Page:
Hood resigned from the U.S. Army on April 17, 1861, after the Texas legislature voted to secede from the Union and join the Confederacy. Disgusted by Kentucky's decision to stay with the Union, he subsequently adopted Texas as his new home state and enlisted in the Confederate Army from there.

A fighting general

Once the Civil War started, Hood quickly gained a reputation as a tough and brave officer. He joined the Confederate military as a captain, but he rose rapidly through the ranks as word of his bravery and no-nonsense leadership spread. In March 1862, he was promoted to brigadier general and given command of the tough Texas Brigade, which was part of General Robert E. Lee's Army of Northern Virginia.

Lee's force was the Confederacy's largest army, and as the war progressed it engaged in many of the conflict's biggest battles. Hood participated in most of these clashes, impressing friend and foe alike with his fearless approach to war. "Hood turned out to be an excellent combat commander," wrote Steven E. Woodworth in Jefferson Davis and His Generals. "An aggressive, ferocious fighter, Hood came to be considered one of Lee's better brigade commanders and was soon promoted to major general."

Hood's bold approach to combat made him one of the Confederacy's best-known officers and helped Lee secure several big battlefield victories. As the war progressed, however, Hood's hard-charging style earned him a number of serious war injuries. The most serious of these injuries took place at the battles of Gettysburg and Chickamauga. At Gettysburg (fought July 1–3, 1863, in Pennsylvania), Hood received a wound that permanently crippled his left arm. A few months later at Chickamauga (fought September 19–20, 1863, in Georgia), Hood was shot in the right leg while leading a charge. Soldiers quickly transported him to Richmond, where doctors were forced to amputate his leg at mid-thigh in order to save his life.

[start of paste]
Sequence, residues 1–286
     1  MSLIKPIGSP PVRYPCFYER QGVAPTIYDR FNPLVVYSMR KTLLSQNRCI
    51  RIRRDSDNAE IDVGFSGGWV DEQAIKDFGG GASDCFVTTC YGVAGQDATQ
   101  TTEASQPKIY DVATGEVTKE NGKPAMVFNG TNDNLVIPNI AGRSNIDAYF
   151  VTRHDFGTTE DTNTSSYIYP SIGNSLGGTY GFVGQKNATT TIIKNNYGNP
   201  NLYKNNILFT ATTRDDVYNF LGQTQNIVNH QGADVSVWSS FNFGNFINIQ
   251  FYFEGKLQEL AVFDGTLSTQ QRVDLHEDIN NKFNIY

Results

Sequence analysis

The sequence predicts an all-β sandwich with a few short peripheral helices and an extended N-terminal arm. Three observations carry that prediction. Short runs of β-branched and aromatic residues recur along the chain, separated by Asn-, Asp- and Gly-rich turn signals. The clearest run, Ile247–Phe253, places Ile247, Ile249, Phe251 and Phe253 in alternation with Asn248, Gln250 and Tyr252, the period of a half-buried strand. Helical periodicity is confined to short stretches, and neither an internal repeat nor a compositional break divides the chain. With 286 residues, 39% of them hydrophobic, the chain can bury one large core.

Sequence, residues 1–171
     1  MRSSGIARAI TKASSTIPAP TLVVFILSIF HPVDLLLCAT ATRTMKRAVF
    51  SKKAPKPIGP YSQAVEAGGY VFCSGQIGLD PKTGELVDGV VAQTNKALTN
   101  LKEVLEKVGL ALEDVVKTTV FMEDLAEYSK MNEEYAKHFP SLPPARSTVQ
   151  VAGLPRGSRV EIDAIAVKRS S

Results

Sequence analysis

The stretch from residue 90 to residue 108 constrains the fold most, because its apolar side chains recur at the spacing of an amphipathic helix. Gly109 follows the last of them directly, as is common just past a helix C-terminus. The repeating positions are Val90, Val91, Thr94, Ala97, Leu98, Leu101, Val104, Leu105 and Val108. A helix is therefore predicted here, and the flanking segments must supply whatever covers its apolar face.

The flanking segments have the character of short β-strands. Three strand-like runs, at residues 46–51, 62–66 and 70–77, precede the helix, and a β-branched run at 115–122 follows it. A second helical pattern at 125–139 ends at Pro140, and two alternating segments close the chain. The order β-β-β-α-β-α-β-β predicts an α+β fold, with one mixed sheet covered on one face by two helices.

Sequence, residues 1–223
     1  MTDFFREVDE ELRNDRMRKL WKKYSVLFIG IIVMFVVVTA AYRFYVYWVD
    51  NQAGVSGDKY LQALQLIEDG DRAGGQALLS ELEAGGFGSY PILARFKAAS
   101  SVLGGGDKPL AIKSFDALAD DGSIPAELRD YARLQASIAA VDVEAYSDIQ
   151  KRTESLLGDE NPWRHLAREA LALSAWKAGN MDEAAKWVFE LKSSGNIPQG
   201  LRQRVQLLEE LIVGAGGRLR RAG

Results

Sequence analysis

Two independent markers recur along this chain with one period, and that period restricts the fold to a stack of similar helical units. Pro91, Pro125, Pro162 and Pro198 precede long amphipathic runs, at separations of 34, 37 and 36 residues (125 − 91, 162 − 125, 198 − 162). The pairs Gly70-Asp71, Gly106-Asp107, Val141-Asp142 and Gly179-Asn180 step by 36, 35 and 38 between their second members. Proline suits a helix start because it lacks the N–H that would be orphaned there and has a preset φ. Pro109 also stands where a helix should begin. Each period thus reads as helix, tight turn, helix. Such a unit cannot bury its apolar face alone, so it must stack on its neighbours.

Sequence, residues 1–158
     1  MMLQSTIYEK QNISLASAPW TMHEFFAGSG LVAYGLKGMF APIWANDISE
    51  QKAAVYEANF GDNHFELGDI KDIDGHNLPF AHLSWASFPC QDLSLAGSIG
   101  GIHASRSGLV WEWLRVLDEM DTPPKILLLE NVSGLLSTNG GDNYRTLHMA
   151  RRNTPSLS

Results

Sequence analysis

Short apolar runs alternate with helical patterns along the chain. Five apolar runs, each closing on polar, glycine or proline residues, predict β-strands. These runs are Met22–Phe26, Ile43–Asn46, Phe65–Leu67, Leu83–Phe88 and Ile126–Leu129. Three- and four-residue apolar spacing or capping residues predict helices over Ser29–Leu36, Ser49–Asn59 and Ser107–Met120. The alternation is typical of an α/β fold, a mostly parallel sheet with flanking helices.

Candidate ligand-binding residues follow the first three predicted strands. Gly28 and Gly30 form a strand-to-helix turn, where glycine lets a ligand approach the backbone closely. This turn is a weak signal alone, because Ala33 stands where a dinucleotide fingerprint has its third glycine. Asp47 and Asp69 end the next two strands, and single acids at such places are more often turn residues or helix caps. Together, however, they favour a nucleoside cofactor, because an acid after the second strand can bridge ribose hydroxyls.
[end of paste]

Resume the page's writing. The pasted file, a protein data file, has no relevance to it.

Hood spent the next several months in Richmond. As he worked to regain his strength, he struck up a pleasurable friendship with Confederate president Jefferson Davis (1808–1889; see entry) and his family. Hood's stay in the Confederacy's capital city also brought him sorrow, though. As a man who had always been physically active and strong, he found it very difficult to adjust to his new physical limitations. In addition, he waged a desperate campaign to win the heart of an attractive Southern woman named Sally Buchanan Preston during this time. When she rejected him over the Christmas holidays, Hood was emotionally crushed.

Battling against Sherman

In February 1864, Hood returned to active military service despite his injuries. Assigned to command a corps of troops in the Army of Tennessee, Hood reached its camp in Georgia at the end of the month. Once Hood arrived, he tackled his new responsibilities with great eagerness. He routinely rode twenty miles a day, even though he had to be strapped on to his horse because of his war injuries. He also encouraged Army of Tennessee commander Joseph E. Johnston (1807–1891; see entry) to adopt a plan advanced by Davis to launch an invasion into Union-held Tennessee. Davis believed that one or two more big Southern victories might convince the Northern states to end their efforts to break the Confederacy and restore the Union.